Category: Opinion (page 1 of 17)

The Internet’s Not Just For Porn

Courtesy andrebarcinski.blogfolha.uol.com.br

I’ve spun up a new project, since I’m still stymied in my attempt to write a YA fantasy novel with a female protagonist that doesn’t entirely suck. I’m something of a perfectionist, to the point that I am extremely hard on myself when I do not live up to my own standards. I need more test readers but am hesitant to have my worst fears confirmed: that I am too male and out-of-touch to get this important job done.

So I’m keeping that on the shelf while I try my hand at something new, different, and downright scary, but in a different way.

To do the research I need to complete this new work, I turn to the Internet. And getting lost down rabbit holes of character analyses and Star Trek essays, I was struck with a realization.

Considering what it is and can become, it’s easy to forget what the Internet was intended to be in the first place, and still is if you use it a certain way.

From it’s inception, the Internet’s purpose is a repository of data and knowledge. Try as you might, you can’t burn down the Internet. At this point, the data is so wide-spread, so diverse, and so cataloged that to destroy it and the knowledge it contains is a fool’s errand. You can’t accidentally touch of a conflagration in the Rare Webpages Section; there will be no Library of Alexandria repeat here. And thank the stars for that — so much knowledge was lost in that time, and in some circles, we’re still reeling from the losses. (Personal aside: so much of the Work I am doing away from screens and data streams may remain unfinished because there is simply a lack of resources upon which I can rely.)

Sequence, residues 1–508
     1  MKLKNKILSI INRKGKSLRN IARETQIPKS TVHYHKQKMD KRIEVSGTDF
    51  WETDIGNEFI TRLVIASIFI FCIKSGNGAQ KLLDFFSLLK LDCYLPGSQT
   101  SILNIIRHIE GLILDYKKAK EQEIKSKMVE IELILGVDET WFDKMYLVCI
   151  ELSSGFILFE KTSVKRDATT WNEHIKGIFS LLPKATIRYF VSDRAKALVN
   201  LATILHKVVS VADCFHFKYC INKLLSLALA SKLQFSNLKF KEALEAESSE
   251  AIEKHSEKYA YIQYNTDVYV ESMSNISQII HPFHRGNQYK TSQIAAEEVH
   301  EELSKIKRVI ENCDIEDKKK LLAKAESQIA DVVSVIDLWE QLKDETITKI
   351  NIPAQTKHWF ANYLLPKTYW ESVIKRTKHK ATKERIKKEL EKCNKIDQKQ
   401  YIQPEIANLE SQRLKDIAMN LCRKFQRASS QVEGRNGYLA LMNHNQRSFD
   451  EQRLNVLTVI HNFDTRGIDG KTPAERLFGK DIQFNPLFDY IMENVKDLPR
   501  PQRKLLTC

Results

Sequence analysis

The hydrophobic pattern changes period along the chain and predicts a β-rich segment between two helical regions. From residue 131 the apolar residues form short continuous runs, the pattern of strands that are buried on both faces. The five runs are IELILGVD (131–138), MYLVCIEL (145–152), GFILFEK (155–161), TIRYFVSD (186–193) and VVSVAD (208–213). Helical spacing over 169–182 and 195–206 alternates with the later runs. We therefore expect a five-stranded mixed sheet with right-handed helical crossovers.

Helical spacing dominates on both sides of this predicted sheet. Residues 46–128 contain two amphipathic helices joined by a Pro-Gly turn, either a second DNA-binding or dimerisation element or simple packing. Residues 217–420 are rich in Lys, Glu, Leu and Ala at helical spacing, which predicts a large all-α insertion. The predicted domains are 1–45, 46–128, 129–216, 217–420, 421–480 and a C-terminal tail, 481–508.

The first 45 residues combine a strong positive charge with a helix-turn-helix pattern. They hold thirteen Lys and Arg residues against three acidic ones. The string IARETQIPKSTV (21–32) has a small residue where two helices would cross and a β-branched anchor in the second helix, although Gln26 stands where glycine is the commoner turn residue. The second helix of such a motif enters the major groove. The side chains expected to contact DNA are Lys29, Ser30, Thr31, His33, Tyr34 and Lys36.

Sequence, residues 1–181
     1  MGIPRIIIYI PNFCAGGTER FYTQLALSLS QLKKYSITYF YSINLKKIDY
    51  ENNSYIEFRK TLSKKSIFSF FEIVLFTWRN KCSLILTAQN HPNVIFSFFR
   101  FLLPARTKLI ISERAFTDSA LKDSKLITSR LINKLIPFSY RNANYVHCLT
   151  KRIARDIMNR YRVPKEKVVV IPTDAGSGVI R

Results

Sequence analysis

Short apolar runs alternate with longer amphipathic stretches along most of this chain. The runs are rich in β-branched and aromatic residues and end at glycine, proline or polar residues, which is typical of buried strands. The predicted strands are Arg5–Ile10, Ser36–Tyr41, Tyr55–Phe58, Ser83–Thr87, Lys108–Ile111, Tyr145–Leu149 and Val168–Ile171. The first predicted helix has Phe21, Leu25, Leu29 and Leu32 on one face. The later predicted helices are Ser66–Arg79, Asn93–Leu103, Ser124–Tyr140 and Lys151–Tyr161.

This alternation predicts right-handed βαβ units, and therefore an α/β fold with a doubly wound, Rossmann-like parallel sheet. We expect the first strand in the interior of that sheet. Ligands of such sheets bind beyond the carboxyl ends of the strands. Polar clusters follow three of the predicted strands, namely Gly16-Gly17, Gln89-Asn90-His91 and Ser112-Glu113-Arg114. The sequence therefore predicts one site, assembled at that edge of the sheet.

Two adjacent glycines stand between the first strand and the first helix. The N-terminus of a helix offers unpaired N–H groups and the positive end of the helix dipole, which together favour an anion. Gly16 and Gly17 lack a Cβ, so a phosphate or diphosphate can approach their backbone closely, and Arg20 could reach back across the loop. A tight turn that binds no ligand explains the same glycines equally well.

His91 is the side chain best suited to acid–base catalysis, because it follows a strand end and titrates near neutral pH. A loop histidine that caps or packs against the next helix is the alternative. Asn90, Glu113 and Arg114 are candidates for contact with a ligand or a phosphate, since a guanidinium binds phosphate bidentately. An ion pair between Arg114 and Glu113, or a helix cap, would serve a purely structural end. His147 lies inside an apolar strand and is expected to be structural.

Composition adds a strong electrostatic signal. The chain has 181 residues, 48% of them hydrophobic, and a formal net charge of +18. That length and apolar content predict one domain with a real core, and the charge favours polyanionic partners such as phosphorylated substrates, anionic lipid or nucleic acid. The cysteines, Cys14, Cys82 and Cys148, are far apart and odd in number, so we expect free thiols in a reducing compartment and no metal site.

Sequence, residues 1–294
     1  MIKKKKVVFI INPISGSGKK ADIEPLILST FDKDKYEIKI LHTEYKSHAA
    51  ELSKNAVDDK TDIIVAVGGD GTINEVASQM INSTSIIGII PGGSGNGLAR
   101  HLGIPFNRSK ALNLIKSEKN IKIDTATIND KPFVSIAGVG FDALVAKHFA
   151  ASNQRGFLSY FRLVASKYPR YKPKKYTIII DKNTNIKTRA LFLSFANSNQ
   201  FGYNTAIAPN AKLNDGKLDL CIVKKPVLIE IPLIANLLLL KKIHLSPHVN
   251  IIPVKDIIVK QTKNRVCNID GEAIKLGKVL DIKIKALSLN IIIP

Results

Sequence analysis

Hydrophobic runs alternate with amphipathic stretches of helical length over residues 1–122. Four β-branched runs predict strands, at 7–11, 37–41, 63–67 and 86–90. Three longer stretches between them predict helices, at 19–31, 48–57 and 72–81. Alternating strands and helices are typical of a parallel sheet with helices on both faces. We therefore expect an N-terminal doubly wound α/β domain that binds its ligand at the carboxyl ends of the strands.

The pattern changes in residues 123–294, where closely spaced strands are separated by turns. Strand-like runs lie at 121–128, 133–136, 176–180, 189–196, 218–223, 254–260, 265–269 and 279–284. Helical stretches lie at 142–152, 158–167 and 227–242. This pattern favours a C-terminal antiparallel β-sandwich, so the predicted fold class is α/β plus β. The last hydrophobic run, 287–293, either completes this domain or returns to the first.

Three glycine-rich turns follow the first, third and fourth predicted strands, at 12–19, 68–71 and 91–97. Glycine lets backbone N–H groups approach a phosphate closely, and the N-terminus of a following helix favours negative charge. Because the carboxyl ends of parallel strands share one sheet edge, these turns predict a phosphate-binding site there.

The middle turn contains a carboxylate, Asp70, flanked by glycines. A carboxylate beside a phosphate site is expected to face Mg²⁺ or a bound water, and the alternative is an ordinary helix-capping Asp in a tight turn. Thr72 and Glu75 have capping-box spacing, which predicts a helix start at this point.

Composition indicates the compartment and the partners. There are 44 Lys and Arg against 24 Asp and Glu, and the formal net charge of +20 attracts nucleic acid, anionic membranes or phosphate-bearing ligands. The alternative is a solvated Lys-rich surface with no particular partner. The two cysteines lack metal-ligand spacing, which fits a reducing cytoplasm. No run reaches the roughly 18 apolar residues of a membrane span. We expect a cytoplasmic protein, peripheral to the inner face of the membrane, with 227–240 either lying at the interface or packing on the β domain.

Moreso than it was when I first encountered it, the Internet is extensively cataloged and searchable. There are multiple engines to do so — perhaps foolishly, I still rely upon Google to do my fetching, among other things. A few cursory searches brought me a plethora of resources for my projects, old and new, and also linked me to undiscovered essays, new treatises, and authors whose voices resonate with my own, individuals with whom I’d love to sit down, away from the constant barrage of distractions, and just have an eye-to-eye chat about our art, the world, and what’s to come.

In the meantime, I follow them on social media, and hope they’ll follow me back.

This turns my thoughts to social media, and how the Internet becomes sorely abused.

Instead of using it for data and enlightenment, so many individuals choose to use the Internet as sounding boards, echo chambers, and podiums to espouse their personal points of view as if they’re gospel. I’ve been guilty of this, myself — on more than one occasion, I’ve pontificated on our political climate from my perspective and bemoaned the nature of my illness. I’ve shown how hard I am on myself, and how I’ve abused myself; this in turn has given others implicit permission to use and abuse me.